Southeast Conservation Project
Exploring southern Appalachian backcountry streams in search of native brookies transports an angler back in time. The gorgeous and increasingly rare places where native trout thrive are some of the Southeast’s most sacred treasures—and chasing brookies where they belong has become one of fly fishing’s most exciting endeavors. Native southern Appalachian brook trout are found in only a small fraction of their native range and in North Carolina, for example,only half of those fish are found on private lands. Over the years, brookies have suffered from poor land use practices, fragmented rivers and streams and other pressures—that brookies still exist in the Southern Appalachians is a minor miracle.
Trout Unlimited is using new science, mapping and genetics data to protect 10 places in the Southeast in most need of protection. These special places offer the best places for native trout—good, clean water that will prove all of the necessary ingredients for their survival. By helping to protect these places, all of which are located on private land, we can increase backcountry brookie fishing opportunities.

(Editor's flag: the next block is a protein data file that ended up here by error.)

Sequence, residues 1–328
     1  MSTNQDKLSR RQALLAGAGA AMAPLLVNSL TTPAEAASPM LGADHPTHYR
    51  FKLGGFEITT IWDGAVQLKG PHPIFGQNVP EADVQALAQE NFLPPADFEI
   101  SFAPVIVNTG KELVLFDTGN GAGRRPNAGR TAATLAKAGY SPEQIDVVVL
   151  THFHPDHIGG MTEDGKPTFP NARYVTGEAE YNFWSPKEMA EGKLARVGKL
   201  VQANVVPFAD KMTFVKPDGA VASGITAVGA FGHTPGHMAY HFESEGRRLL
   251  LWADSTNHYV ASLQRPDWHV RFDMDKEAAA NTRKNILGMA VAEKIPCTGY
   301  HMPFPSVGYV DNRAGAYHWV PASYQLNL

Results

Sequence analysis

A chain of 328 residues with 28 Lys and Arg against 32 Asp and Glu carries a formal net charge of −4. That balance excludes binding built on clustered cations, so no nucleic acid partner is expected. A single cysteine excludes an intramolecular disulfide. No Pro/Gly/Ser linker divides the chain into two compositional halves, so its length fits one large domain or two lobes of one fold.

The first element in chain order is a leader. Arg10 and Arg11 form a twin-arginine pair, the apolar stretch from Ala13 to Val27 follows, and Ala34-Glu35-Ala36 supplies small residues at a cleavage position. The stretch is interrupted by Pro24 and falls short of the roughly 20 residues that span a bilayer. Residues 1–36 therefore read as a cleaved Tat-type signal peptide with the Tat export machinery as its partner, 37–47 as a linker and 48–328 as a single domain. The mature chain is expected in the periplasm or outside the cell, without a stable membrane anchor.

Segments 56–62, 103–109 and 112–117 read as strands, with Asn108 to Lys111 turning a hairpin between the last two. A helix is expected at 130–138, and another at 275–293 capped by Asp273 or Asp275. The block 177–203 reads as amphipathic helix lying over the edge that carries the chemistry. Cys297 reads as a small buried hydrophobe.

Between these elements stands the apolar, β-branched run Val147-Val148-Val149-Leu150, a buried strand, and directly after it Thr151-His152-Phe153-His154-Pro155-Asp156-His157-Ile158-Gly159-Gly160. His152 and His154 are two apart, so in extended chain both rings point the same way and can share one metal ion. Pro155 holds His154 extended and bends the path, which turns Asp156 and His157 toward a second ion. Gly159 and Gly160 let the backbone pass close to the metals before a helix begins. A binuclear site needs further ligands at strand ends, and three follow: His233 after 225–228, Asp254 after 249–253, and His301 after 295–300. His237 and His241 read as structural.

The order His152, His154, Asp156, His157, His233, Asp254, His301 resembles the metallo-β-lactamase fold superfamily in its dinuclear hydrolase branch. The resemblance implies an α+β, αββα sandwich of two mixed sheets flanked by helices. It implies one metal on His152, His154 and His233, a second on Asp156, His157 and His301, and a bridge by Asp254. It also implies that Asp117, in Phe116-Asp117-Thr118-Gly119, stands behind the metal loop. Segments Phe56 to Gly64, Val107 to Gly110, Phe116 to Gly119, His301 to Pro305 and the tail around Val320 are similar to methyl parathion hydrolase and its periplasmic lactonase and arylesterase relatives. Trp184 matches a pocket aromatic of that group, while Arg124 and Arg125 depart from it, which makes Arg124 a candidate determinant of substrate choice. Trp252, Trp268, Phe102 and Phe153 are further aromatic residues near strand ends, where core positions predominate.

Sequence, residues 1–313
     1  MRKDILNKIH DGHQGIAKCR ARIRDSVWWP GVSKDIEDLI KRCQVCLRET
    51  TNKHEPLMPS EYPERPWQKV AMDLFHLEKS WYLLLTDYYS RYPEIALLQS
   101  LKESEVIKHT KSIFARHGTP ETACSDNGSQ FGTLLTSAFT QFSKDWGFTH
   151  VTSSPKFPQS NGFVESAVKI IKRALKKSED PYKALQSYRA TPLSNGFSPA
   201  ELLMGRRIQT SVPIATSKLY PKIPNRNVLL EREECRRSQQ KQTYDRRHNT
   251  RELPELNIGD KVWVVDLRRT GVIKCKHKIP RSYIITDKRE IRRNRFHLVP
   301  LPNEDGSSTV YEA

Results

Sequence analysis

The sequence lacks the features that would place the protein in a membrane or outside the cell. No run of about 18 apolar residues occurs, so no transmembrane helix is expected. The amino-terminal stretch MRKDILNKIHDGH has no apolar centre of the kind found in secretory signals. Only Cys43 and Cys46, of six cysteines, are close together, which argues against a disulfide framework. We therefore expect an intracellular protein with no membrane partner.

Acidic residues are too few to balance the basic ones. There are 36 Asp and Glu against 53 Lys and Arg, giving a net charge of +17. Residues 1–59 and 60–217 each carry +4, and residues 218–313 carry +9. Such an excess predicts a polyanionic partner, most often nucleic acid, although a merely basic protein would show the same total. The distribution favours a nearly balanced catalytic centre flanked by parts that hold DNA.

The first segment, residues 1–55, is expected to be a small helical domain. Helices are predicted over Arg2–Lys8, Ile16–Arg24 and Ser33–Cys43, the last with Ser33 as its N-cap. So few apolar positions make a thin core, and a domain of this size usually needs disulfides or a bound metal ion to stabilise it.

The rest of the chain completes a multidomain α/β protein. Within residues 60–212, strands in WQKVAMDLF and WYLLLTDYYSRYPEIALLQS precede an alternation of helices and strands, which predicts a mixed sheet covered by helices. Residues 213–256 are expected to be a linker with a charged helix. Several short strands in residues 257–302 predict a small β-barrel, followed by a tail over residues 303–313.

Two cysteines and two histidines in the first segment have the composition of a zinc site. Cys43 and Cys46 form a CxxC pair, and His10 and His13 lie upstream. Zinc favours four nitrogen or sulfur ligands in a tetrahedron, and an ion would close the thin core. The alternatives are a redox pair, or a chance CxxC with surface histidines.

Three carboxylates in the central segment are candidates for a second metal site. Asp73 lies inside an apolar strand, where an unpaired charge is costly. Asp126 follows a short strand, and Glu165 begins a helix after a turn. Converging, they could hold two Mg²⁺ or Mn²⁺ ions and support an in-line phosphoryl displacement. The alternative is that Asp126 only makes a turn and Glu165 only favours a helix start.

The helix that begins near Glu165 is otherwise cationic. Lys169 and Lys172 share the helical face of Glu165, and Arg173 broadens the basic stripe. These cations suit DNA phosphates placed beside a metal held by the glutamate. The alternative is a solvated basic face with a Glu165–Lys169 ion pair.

Since 2009, Trout Unlimited has worked to protect Southern Appalachian brook trout fishing opportunities in the region. Working with local land trusts, we’ve determined the places that need the most help. We’ve helped protect important streams like the North Mills River, Rocky Fork and the East Fork Headwaters of the French Broad. Working with sportsmen and women, we’ve shaped policy decisions to keep these places intact.
Damon Hearne, Southeast Land Protection Coordinator firstname.lastname@example.org